History of RBTL
Built in 1928, the Auditorium Theatre has become the Greater Rochester area’s home for large-scale Broadway musicals such as The Phantom of the Opera, Miss Saigon, The Producers, Disney’s THE LION KING and Wicked. In addition, The Auditorium Theatre hosts a variety of rock, classical, comedy, R&B, dance and children’s shows. The Theatre is owned and operated by the Rochester Broadway Theatre League (RBTL).
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The Masonic Temple
Built at a cost of $2,225,000, the Masonic Temple of Rochester, NY laid its cornerstone in 1928, and was dedicated on May 24th, 1930 with much fanfare including a parade through the city. The building consisted of offices and several
ceremonial meeting rooms for the Masons, a fraternal organization, as well as one large 3,000 seat auditorium (now known as the
Auditorium Theatre). Sold to Saucke Bros. Construction in 1989, the building was converted to office spaces as well as large and small meeting rooms and banquet halls available for rent by the public, and re-named Auditorium Center. The portion of the building containing the Auditorium Theatre was purchased by the Rochester Broadway Theatre League (RBTL) in 2003.
The Theater Circuit
From the beginning, the Auditorium Theatre was the site of many touring productions, featuring some of the biggest names in the entertainment business.Dramatic productions, musicalconcerts, and comedy revues took place over the years.In 1957, an all volunteer, not-for-profit group calling itself Rochester Broadway Theatre League (RBTL) was formed to bring such productions to Rochester
The Theatre Organ
The Auditorium Theatre is the home of a magnificent Wurlitzer 4/23 (opus 1951) theatre organ. The console rises from the orchestra pit, and the sound of 1,619 pipes, trumpets, clarinet, saxophone, drums, shimmering strings or marimbas emanates from the filigreed proscenium arch surrounding the main stage. The Rochester Theatre Organ Society (RTOS) was originally formed to rescue this organ from the luxurious downtown RKO Palace Theater, just before that 2916-seat luxurious 1928 movie house fell to the wrecking ball of urban renewal in the mid-1960s. Theatre organs were traditionally used to provide musical accompaniment to silent movies. RTOS stages several concert performances of the mighty Wurlitzer each year by many of the world’s great organists.Although this Wurlitzer was not originally housed here, at one time there were as many as seven pipe organs in various locations within the Masonic Temple building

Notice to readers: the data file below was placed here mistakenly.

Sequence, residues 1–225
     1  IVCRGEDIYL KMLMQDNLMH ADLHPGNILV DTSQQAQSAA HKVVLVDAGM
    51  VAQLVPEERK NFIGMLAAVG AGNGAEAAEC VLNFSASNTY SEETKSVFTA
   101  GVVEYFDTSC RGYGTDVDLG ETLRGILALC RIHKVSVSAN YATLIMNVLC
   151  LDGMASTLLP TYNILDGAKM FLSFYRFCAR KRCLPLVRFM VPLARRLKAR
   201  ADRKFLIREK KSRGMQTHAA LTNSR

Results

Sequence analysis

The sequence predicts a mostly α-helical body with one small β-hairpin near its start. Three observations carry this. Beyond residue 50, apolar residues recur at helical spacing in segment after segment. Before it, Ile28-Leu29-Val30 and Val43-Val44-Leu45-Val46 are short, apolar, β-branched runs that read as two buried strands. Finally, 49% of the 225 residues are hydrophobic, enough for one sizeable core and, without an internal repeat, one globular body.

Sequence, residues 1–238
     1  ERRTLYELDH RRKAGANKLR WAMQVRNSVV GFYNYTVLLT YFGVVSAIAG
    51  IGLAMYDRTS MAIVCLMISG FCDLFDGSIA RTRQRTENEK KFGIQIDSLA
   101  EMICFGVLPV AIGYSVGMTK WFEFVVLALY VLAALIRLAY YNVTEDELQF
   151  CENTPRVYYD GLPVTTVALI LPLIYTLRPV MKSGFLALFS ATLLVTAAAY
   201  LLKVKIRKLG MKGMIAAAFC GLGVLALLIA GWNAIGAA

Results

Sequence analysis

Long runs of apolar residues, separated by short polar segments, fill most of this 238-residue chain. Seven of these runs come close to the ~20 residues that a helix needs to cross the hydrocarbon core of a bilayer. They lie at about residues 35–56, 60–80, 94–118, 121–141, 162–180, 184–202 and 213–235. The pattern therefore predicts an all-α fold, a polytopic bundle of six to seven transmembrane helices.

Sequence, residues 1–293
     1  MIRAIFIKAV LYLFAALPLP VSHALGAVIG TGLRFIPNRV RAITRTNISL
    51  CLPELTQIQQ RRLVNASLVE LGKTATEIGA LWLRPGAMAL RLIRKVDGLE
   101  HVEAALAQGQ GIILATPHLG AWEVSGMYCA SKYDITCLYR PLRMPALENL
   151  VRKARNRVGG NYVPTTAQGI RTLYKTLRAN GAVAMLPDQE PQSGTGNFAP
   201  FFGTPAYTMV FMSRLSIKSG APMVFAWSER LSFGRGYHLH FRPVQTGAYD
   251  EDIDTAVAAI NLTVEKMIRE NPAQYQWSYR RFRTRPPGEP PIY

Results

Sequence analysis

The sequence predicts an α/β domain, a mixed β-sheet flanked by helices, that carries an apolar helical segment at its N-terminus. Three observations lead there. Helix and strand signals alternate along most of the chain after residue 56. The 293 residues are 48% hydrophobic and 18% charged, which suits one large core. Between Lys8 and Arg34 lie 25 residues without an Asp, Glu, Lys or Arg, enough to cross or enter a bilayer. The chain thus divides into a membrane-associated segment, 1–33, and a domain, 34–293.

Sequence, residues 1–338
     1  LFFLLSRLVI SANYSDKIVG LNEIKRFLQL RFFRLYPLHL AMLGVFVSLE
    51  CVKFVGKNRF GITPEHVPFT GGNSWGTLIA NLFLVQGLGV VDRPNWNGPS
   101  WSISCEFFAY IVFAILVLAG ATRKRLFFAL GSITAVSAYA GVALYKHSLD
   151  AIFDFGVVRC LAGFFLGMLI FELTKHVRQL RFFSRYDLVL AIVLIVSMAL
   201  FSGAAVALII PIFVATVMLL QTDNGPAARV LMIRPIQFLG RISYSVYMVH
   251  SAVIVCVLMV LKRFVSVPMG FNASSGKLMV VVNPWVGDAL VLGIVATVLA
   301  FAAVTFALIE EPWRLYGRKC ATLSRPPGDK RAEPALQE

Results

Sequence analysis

Art Deco-influenced fixtures
Art Deco was a popular design movement from 1920 until 1939. The influence of this style is very apparent in the various light fixtures (all original to the building) utilized by the Auditorium Theatre.
With the possible exception of the entertainment on screen or on stage, the excitement of the historic theaters and movie palaces was expressed most eloquently in dramatically molded ornamental plaster walls and ceilings. Ceilings of the outer lobbies are fine examples of the plaster work common to this type of building.
So, what’s up with the squirrels?
One of the most puzzling secrets of the building centers on a fascination with squirrels. During construction of the building, the ornamental plasterer apparently felt the need to add a bit of whimsy by including several images of squirrels and acorns throughout. Squirrels appear above the building’s front door, while bird, grapevine and acorn motifs can be found in the plaster work on the walls in some meeting rooms. But look closely — the most striking example is on the ceiling of the Auditorium. The plasterer has skillfully incorporated 64 squirrels into the symmetry of the massive ceiling.
In the summer of 2003 RBTL undertook a major renovation to the Auditorium that included the replacement of all of the theater’s seats (now totaling 2,400), new carpeting throughout, upgrades to existing bathrooms, as well as the addition of new bathroom facilities on the lower level. At the same time, RBTL relocated its business offices and box office to the building